• Kodak Gallery (must make at least one purchase a year to keep your account open)
• Photobucket (there is a $2.99 per month fee for a PLUS membership which will give you access to 20GB of storage and unlimited bandwidth (upload speed))
Make sure to register for each site so that you have access to the higher resolutions for photo printing.

Storing Outside the Box: External Hard Drive

Backing up your digital photos on an external hard drive is easy, choosing what type of hard drive to use might be a little harder. We can go into detail about the different types of hard drives on the market, but that is a totally different article. Instead we will just tell you a few basic things to look for in your ideal photo storage hard drive.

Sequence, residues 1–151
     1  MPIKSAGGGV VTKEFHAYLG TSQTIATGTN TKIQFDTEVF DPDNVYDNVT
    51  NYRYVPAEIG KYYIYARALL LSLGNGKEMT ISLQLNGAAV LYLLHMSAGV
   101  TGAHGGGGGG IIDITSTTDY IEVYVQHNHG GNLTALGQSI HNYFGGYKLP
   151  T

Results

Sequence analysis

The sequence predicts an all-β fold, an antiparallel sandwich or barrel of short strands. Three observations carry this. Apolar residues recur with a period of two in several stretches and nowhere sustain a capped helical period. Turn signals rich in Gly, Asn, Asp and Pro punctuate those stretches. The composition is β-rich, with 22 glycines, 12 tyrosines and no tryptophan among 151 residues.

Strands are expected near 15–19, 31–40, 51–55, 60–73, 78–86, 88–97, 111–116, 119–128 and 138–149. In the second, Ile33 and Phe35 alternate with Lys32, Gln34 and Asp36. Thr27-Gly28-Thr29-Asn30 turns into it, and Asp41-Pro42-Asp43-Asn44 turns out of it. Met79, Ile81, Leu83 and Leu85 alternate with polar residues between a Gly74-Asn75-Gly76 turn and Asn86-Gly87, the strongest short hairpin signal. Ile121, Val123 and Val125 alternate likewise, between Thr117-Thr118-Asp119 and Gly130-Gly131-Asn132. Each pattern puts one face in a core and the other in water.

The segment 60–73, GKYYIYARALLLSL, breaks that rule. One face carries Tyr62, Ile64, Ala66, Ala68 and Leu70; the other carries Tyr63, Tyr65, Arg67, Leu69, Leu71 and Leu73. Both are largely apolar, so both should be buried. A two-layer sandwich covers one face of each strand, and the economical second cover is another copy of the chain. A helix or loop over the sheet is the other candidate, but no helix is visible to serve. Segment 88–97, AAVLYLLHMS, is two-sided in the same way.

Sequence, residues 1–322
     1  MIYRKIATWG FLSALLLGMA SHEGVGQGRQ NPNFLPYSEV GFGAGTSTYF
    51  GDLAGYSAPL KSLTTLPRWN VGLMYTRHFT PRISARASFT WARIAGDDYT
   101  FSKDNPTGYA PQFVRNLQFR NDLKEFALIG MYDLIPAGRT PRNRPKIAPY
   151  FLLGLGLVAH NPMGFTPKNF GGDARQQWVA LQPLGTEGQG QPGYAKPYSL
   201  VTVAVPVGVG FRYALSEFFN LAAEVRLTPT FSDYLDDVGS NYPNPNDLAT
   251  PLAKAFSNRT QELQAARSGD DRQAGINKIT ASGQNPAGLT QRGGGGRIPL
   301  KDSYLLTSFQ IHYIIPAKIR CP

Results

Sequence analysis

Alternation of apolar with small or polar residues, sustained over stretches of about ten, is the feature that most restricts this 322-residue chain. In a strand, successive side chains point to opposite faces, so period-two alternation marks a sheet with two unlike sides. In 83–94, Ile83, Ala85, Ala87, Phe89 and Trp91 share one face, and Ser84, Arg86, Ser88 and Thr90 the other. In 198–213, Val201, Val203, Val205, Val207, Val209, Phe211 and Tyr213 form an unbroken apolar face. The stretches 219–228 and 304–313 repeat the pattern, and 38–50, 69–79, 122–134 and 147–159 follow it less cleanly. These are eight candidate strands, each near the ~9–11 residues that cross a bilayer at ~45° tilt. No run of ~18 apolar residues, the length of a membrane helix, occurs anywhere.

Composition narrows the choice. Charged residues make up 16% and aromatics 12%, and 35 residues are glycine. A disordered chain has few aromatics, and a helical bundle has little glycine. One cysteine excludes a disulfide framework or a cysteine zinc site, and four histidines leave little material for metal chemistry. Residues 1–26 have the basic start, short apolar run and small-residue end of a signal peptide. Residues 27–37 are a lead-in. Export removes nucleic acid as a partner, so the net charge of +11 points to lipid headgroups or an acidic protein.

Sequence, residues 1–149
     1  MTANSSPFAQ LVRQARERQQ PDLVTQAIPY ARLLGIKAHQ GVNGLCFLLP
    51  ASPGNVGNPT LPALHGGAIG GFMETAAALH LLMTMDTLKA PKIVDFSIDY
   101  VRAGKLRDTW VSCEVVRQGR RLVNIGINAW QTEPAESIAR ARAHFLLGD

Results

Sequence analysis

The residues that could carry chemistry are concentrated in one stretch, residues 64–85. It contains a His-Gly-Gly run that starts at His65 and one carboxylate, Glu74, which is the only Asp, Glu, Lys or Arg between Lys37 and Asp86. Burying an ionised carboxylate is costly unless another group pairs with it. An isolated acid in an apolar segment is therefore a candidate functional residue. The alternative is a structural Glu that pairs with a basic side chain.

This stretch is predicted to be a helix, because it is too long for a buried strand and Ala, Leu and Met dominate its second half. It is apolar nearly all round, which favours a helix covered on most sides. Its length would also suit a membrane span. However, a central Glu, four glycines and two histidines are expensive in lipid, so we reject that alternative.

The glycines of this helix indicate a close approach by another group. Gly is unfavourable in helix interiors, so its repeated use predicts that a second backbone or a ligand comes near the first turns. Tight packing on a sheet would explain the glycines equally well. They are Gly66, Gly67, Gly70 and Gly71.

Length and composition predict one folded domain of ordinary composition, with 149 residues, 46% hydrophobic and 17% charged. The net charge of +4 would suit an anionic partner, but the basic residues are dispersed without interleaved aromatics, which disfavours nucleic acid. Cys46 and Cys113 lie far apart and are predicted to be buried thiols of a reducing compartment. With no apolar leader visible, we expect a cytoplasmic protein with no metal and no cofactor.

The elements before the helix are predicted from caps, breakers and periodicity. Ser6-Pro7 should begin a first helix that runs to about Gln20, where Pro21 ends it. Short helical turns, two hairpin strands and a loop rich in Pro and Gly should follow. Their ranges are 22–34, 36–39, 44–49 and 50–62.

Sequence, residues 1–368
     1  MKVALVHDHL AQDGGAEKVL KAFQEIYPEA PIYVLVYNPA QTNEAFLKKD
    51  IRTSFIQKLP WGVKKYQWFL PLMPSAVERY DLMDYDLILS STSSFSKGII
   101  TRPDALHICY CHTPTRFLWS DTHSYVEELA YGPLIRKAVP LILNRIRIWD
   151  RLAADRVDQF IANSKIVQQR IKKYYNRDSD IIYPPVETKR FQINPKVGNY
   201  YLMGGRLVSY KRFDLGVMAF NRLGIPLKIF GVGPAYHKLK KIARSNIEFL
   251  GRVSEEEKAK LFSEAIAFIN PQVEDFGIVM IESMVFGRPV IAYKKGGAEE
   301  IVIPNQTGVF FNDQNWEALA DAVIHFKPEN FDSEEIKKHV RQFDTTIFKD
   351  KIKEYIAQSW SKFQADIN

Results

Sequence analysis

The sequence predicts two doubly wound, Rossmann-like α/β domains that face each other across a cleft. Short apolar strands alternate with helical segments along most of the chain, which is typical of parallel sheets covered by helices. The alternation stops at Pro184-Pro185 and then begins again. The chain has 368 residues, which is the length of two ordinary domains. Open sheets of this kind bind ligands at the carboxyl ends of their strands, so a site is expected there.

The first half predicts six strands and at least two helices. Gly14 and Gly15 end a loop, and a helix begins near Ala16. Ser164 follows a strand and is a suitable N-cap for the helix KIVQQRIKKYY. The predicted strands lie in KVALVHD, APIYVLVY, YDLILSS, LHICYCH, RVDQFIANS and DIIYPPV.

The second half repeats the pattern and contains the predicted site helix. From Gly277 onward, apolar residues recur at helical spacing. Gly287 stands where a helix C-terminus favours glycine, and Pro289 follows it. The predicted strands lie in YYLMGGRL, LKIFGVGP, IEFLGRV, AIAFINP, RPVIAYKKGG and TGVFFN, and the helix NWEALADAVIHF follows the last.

Digital photos take up a lot of space on storage devices so the external hard drive should be at least 750GB, but a larger one (1 to 2TB) would be even better. Depending on the ports you have available on your computer, you can use a FireWire, USB or Thunderbolt external hard drives. Some hard drives have multiple interfaces available.

If your photos are top secret, or if they are a crucial part of your business, you will want to buy an encrypted hard drive which means that no one can see your digital photos unless they have the decryption key or password. A bonus: most external hard drives come with software that will actually schedule regular data dumps; automatically saving your photos or other data to the hard drive. That means you can back up your precious memories even when you don’t remember to save them to the hard drive specifically. The cost of a good external hard drive can be as low as $70 to $100.